Sigh, we'll see what becomes of him when he retires. I hope he just sticks to the plantation in Franklin, but I seriously doubt it.

12 December 2003

Political violence 

Quiddity made a pretty outrageous prediction for the new year in a post over at uggabugga this morning.

We've seen over the last couple of years a vicious political debate. Exhibit A is Ann Coulter's Treason. Democrats are traitors, don't you know. And then there were the ads that tied Daschle with Saddam. And so on.

It's going to get worse as the presidential race heats up. The end result will be whole bunch of people enraged at the Democrats.

So, donning our Nostradamus hat, we boldly make the following prediction:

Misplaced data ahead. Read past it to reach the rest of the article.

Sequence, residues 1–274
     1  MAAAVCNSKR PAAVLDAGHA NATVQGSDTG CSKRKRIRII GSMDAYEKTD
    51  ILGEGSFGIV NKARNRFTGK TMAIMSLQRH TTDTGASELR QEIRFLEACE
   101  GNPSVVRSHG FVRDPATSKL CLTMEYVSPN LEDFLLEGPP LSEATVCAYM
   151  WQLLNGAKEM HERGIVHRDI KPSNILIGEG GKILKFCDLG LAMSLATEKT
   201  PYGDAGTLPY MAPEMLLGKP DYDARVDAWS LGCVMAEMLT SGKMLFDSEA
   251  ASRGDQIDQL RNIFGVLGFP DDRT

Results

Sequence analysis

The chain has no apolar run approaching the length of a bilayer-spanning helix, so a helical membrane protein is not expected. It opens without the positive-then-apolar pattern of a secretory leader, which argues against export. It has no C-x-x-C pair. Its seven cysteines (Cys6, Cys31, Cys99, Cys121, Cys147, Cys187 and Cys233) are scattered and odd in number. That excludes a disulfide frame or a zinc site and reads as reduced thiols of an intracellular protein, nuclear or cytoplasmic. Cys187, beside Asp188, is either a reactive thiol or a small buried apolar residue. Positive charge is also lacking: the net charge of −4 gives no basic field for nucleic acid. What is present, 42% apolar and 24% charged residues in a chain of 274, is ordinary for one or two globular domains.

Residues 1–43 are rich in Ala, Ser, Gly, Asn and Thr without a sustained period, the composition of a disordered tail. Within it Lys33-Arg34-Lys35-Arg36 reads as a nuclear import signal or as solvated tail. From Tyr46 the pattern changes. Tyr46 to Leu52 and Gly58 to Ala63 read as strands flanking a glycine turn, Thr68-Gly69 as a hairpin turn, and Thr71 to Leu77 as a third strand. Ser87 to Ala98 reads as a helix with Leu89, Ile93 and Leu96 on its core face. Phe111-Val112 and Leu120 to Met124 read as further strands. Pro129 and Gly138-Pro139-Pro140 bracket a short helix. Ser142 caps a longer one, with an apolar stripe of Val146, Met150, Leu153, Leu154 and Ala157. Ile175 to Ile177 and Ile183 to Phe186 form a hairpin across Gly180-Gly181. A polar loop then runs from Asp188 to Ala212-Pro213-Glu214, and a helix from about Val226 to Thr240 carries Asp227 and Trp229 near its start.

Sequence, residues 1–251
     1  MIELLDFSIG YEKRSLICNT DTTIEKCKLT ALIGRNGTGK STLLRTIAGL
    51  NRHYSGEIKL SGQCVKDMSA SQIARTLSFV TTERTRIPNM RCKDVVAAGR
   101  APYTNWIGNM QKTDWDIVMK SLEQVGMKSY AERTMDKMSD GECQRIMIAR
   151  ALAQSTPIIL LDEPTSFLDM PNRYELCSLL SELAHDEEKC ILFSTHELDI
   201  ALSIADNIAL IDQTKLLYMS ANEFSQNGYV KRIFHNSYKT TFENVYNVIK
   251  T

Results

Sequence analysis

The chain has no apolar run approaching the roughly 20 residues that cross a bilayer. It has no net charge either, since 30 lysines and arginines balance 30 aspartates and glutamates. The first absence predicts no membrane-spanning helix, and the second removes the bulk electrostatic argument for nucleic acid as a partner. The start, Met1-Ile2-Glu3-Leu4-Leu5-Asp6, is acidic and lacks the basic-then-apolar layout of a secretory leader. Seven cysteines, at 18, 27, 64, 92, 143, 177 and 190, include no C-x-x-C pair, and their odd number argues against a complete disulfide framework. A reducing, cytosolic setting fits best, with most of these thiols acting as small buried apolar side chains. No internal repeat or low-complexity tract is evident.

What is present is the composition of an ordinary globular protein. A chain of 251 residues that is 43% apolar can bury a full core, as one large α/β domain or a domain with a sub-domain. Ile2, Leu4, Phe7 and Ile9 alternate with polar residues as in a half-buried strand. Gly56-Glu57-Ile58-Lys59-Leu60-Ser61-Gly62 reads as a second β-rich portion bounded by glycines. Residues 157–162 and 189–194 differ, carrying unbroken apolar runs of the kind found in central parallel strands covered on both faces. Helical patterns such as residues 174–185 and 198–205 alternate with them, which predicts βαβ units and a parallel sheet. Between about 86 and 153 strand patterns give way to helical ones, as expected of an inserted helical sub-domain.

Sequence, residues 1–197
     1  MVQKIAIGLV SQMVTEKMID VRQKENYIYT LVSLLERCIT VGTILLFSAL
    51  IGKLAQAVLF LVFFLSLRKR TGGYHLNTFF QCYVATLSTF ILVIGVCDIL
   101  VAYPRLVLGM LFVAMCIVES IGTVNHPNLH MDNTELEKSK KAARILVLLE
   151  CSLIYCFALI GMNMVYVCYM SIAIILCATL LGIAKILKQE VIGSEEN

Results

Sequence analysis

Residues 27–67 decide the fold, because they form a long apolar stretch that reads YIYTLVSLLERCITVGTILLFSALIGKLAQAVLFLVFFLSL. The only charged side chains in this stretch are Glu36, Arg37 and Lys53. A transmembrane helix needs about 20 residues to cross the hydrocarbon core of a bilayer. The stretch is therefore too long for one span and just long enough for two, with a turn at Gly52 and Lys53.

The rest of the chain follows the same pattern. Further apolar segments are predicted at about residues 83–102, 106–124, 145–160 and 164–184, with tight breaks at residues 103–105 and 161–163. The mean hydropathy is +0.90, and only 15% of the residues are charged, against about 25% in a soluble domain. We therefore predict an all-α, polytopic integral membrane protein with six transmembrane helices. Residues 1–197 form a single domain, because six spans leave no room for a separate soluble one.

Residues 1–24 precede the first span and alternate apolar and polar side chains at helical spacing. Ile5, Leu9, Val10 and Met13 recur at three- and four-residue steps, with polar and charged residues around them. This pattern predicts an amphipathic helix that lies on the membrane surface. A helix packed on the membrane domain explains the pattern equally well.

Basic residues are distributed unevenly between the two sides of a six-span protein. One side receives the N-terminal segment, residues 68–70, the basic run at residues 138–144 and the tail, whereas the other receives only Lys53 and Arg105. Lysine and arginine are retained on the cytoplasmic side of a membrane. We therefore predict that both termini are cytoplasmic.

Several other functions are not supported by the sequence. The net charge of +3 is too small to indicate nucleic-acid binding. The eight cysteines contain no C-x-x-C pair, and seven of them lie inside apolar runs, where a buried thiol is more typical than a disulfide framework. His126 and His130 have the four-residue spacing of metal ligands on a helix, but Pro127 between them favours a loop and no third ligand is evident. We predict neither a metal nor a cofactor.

There will be at least one major act of violence against the Democratic candidate(s) for president.
And we mean life-threatening violence. Like attempted murder.


My first thought on reading this was that Quiddity's been on the drink a little too hard lately. I had a long post planned out with relevant links to plenty of hatred by prominent righties against the liberals in general, but at the end I was basically going to say that all that didn't really mean shit, because crazy people go off the deep end and start shooting without any help from the radio or worthless authors who bill themselves as constitutional scholars.

Then I remembered that a prominent liberal has already had an attack on his life just a few short years ago. You might remember when some anthrax was sent to a certain Senate Minority (majority at the time) Leader's office. That was a sobering thought, and it nearly changed my mind about Quiddity's post, but I'm a stubborn fool.